The Moral Insignificance of Self‐consciousness

European Journal of Philosophy 24 (4) (2016)
  Copy   BIBTEX


In this paper, I examine the claim that self-consciousness is highly morally significant, such that the fact that an entity is self-conscious generates strong moral reasons against harming or killing that entity. This claim is apparently very intuitive, but I argue it is false. I consider two ways to defend this claim: one indirect, the other direct. The best-known arguments relevant to self-consciousness's significance take the indirect route. I examine them and argue that in various ways they depend on unwarranted assumptions about self-consciousness's functional significance, and once these assumptions are undermined, motivation for these arguments dissipates. I then consider the direct route to self-consciousness's significance, which depends on claims that self-consciousness has intrinsic value or final value. I argue what intrinsic or final value self-consciousness possesses is not enough to generate strong moral reasons against harming or killing.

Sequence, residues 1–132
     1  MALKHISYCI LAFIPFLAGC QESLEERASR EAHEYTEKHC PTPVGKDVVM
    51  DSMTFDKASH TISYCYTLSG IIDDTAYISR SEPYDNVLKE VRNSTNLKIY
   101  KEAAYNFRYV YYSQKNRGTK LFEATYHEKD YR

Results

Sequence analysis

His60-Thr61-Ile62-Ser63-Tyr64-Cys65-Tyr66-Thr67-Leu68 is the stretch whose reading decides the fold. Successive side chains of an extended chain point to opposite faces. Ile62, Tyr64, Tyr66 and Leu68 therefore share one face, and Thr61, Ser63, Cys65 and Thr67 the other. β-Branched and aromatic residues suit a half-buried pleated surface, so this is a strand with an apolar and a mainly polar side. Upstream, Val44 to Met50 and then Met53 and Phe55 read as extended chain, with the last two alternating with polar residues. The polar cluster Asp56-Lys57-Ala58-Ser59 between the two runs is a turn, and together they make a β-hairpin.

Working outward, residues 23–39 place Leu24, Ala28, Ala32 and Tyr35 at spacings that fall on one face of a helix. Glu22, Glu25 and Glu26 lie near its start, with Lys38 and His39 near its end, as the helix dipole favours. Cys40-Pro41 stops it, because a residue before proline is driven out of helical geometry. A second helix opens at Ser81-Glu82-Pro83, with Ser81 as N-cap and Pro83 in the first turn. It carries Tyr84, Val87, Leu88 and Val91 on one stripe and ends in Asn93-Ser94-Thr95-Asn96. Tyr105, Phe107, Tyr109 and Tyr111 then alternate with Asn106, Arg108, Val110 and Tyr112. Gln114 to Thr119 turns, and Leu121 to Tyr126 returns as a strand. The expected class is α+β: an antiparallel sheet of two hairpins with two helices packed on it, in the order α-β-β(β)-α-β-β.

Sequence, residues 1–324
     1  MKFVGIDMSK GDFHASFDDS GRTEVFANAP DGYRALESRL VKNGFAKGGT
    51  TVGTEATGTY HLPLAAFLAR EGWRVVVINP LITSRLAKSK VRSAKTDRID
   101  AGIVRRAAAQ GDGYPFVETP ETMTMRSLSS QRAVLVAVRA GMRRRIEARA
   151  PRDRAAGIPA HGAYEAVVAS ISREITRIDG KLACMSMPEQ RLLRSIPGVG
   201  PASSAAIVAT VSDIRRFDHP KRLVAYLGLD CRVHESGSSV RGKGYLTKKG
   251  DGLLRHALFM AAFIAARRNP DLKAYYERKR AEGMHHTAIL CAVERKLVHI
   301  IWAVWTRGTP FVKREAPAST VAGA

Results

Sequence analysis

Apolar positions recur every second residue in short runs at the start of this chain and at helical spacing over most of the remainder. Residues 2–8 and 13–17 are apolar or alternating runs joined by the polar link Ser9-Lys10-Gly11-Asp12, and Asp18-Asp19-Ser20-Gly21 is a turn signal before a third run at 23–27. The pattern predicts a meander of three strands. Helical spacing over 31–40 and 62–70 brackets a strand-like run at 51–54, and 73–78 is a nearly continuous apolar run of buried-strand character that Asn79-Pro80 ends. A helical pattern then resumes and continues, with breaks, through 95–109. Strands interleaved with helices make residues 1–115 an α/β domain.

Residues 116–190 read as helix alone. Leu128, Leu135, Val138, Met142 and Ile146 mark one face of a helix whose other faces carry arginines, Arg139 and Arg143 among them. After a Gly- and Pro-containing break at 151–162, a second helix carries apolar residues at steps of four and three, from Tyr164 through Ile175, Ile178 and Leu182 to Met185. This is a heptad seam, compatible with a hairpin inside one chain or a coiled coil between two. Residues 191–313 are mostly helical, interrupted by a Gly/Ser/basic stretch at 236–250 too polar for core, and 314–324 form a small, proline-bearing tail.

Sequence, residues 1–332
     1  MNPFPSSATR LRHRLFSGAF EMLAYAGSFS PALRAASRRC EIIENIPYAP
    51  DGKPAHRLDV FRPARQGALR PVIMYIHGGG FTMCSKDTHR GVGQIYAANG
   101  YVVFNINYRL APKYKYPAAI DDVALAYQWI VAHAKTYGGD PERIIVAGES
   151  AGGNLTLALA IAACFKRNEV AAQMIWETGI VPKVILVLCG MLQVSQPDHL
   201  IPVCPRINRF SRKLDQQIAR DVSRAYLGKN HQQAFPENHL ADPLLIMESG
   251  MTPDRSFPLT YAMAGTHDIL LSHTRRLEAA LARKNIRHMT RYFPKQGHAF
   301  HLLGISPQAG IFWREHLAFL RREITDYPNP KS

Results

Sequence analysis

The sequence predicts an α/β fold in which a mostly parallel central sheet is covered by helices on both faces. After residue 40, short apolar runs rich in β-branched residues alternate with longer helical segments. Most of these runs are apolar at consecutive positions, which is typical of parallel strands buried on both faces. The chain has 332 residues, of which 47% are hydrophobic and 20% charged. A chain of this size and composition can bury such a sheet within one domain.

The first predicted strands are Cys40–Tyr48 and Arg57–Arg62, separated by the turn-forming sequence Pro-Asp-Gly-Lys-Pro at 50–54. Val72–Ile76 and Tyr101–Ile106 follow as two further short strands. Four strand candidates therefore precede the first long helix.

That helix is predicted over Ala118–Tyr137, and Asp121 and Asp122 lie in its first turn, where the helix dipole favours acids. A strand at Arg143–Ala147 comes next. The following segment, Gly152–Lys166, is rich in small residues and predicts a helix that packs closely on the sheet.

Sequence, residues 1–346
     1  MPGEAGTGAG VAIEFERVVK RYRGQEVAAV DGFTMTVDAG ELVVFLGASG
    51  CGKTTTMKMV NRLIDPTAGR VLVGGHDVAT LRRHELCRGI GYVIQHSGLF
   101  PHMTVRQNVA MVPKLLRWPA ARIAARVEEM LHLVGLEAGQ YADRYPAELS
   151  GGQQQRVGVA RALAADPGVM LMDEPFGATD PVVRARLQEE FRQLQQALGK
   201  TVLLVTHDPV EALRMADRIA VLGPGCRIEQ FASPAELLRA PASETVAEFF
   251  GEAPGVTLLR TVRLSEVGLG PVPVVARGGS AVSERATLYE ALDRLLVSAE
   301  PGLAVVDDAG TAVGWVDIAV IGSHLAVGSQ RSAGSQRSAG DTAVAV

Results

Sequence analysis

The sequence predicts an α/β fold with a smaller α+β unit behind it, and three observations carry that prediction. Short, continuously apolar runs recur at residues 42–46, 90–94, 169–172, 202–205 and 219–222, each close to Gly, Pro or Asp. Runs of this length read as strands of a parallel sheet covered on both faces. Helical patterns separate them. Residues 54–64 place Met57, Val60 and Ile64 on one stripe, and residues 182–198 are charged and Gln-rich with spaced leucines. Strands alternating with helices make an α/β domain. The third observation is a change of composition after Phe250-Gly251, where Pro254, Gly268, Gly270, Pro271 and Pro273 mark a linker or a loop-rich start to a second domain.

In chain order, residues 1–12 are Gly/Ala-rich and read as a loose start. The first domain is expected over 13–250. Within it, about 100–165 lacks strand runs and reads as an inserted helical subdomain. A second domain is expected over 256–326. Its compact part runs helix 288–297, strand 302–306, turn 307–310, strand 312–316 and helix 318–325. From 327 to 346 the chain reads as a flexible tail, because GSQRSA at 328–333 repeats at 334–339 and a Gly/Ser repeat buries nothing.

Author's Profile

Joshua Shepherd
Universitat Autònoma de Barcelona


Added to PP

630 (#23,659)

6 months
78 (#51,399)

Historical graph of downloads since first upload
This graph includes both downloads from PhilArchive and clicks on external links on PhilPapers.
How can I increase my downloads?